Summary: God provides wonderfully for those who place their hope in his unfailing love.
We meet Boaz in our study today. Do you know what kind of man Boaz was before he got married?
Answer: he was Ruth-less.
The book of Ruth teaches us to look for God’s blessings even in our bitterness. Naomi, just like you and me, had hopes for her life: a husband, happy kids, a healthy family, and a home in which to enjoy them. Nothing wrong with that!
But God does not leave her alone with dreams of comfort and ease, lest nothing greater grip her soul. His hand of providence falls hard. A famine leaves the cupboard bare in the “house of bread” and drives Naomi’s husband, Elimelech, to move his family to a foreign land… where he dies, leaving Naomi with only her two sons. Desperate, she negotiates marriages for them, and they remain in this land of “Moab” for ten years. But the tragedy worsens: Ruth 1.5: “Both Mahlon and Chilion died, so that the woman was left without her two sons and her husband.” God shuts himself off from Naomi’s tears. Broken and bitter, the woman drags herself back to Bethlehem to survive without hope or happiness.
In this painful and emotionally fragile condition, poor Naomi cannot see God planning and providing a better future, a more glorious promise, a greater good. She knows: 1) God exists, 2) that he is Almighty over all, and 3) that he has afflicted her. What she cannot yet see is the possibility of blessing. She complains: “Do not call me Naomi [i.e., Felicia, which means ‘pleasant’]; call me Mara [‘bitter’], for the Almighty has dealt very bitterly with me. I went away full, and the LORD has brought me back empty. Why call me Naomi, when the LORD has testified against me and the Almighty has brought calamity upon me?” Her dreams are shattered; her hopes for a happy life crushed.
Now we are part two, where the mercy of God begins to break out so brightly that even gloomy Naomi must see it from behind the clouds of her depression.
[Read Ruth 2.1-23. Pray.]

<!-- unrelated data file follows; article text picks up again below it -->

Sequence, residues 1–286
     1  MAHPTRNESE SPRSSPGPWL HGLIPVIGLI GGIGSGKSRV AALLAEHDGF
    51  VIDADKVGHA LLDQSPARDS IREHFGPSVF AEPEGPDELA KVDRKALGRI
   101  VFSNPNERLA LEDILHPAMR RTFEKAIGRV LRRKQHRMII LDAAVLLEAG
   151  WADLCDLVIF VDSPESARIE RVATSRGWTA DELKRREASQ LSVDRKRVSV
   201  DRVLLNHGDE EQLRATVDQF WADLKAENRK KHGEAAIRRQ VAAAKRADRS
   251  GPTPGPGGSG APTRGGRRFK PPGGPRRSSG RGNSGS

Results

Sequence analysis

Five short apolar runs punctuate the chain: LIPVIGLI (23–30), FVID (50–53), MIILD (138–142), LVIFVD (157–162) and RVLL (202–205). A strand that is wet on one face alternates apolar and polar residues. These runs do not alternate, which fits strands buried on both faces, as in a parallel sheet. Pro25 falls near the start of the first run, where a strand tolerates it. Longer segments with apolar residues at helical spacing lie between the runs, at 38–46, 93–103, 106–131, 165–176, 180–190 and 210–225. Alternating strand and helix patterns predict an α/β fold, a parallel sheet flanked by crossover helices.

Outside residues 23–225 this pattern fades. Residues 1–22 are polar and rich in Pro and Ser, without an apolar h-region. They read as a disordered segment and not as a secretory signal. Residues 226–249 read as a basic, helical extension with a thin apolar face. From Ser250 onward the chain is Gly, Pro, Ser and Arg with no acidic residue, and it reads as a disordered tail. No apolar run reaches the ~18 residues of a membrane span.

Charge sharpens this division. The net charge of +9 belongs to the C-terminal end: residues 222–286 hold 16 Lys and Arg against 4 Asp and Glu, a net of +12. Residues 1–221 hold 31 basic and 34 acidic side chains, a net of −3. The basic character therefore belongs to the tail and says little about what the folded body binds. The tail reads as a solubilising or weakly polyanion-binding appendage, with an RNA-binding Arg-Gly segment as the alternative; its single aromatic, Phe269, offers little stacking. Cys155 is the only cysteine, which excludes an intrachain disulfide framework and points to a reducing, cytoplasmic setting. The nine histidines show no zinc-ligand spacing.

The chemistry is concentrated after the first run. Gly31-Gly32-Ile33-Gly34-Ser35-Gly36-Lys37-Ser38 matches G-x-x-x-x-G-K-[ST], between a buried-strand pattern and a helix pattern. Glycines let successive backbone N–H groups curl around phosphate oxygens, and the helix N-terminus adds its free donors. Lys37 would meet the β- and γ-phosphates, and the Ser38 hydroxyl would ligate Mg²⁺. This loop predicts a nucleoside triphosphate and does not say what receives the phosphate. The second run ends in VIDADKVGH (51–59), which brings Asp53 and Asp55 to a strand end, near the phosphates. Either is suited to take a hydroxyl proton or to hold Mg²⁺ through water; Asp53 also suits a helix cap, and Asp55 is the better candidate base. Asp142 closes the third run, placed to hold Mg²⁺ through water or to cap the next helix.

In 2008, the World Bank published For Protection and Promotion, a book explaining how to design and implement effective social programs for the poor and vulnerable. The authors say that these programs, commonly called “safety nets,” “contribute to poverty reduction and social risk management. Yet their appropriate scope is a fraught subject, revealing deep ambivalence and controversy among policy makers, analysts, and the general public in many countries. The wide variation in attitudes toward safety nets can be seen in the following paraphrasings of commonly held views: ‘We must provide for our poor—we can’t let our children starve or the elderly beg.’ ‘Transfers discourage work among recipients and among those taxed to support them.’ ‘We don’t need to give people fish, we need to give them fishhooks.’”
This is not the time or place to discuss or debate social assistance programs or the role of government in a “war on poverty.” We should note, however, how God expects his people to care for those with financial need in the community.
Leviticus 19.9-10: When you reap the harvest of your land, you shall not reap your field right up to its edge, neither shall you gather the gleanings after your harvest. And you shall not strip your vineyard bare, neither shall you gather the fallen grapes of your vineyard. You shall leave them for the poor and for the sojourner: I am the LORD your God.